The pandemic has certainly created disruptions in our lives, including the lives of our children. They may have already gotten used to daily routines of going to school, taking classes in a classroom setting, and interacting with their peers physically. However, all of these changed when the pandemic struck and a return to school was not deemed possible in the foreseeable future. Parents are making it a priority to understand how to support their children’s emotional needs during distance learning and help them address any fears and anxieties about the situation.
During this time, your child is relying on you for safety and reassurance. Likewise, you have the responsibility of inculcating in your child useful skills and techniques to help them overcome obstacles faced during distance learning. As long as you take note of a few techniques and strategies, you can certainly help your child through it all. Read on to learn more.
A healthy home is a place where children and adults alike can discuss emotions freely and without judgment. In a pandemic where your child is doing school at home, it’s important that you create a space that allows them to have a conversation with you about emotions, whether negative or positive.
For example, try to check in on your child whenever possible. Initiate conversations about how feelings or about their academic situation. Encourage your child to really get to what they feel by helping them use specific language to convey happiness, anger, or sadness. As your children cope with the day-to-day demands of distance learning, being afforded the space to be open about themselves may help ease the burden they feel.
As your child navigates distance learning, problems may stem from the lack of genuine physical interaction with classmates and even cabin fever. Knowing this, you may want to try offering support by encouraging them to develop strong character traits that equip them with the strength to handle challenges that come their way.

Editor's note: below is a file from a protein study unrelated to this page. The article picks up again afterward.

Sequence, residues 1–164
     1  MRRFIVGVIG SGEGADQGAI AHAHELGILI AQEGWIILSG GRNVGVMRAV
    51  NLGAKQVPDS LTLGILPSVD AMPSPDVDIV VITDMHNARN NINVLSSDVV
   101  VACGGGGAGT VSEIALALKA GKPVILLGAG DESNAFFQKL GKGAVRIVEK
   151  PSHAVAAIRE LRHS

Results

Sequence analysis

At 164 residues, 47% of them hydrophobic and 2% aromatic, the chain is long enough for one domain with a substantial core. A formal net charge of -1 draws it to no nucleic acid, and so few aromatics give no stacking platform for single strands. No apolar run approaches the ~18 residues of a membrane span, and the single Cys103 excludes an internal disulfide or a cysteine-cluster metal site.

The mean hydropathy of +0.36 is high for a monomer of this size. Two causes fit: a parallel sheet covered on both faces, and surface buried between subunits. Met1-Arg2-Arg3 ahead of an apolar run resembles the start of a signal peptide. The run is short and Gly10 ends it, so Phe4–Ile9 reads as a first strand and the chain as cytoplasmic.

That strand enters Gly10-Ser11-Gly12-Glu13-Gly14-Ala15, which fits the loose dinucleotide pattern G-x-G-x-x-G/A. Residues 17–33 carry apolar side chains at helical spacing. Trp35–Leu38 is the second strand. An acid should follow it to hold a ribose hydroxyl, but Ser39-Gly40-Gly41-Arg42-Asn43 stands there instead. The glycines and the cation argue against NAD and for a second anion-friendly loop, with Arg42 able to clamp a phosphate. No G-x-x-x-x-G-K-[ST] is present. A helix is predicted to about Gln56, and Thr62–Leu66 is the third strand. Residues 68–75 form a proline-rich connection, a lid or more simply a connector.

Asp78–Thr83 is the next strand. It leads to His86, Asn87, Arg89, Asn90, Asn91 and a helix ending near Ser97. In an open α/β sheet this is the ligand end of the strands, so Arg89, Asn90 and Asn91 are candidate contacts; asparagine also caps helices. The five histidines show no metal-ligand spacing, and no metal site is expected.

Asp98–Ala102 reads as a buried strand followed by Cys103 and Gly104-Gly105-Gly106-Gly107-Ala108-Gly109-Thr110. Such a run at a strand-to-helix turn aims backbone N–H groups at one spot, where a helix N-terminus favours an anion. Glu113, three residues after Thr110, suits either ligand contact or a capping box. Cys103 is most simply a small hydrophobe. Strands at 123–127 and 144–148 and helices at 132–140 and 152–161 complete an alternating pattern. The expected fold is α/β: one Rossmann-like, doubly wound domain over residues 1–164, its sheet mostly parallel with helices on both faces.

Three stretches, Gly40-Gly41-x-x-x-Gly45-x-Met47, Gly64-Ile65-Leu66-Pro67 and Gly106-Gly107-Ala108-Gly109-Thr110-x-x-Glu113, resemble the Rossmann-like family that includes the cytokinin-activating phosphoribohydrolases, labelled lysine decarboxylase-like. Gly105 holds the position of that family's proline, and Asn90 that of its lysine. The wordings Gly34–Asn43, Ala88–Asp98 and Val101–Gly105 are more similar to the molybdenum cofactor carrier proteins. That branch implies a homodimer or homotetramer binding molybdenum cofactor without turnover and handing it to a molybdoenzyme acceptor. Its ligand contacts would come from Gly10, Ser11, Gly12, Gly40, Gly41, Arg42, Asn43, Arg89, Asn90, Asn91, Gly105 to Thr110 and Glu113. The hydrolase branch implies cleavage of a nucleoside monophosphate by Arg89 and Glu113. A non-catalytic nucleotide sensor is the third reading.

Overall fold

Some examples of these traits are mental toughness, resilience, empathy, and the like. Try teaching your child in different ways that failure — whether in school or in general — is part of life. Instead of being too harsh on themselves, they can use this as a learning experience to bounce back anew into a wiser individual.
A study conducted in the past year that showed people between the ages of 4 and 21 found that there was enough evidence to associate feelings of loneliness with a deterioration of mental health in both children and young adults. It may not be a surprise why — schools remain closed and the only safe form of communication is possible through online interactions.
This is why supporting your child through distance learning also means setting aside a few moments just spending time with them. During their recess or lunch breaks, for example, join them in any relaxed activity — whether it be their favorite hobby or a short exercise. Even though both of you may be busy with work or school, spending quality time with your kids can provide benefits to their mental, social, and emotional health.
If you’re already wondering about how to support your children’s emotional needs during distance learning, then you’re already on the right track. Just the fact that you’ve acknowledged that they need support means you truly want to be there for them as they learn the nuances of this type of school arrangement.
Fortunately, there are some practices that you can do to help your children out during this time. By being there for them whenever possible, genuinely holding conversations about emotions, and encouraging them to be strong and resilient, they may develop a good, solid ground in dealing with difficulties that come their way.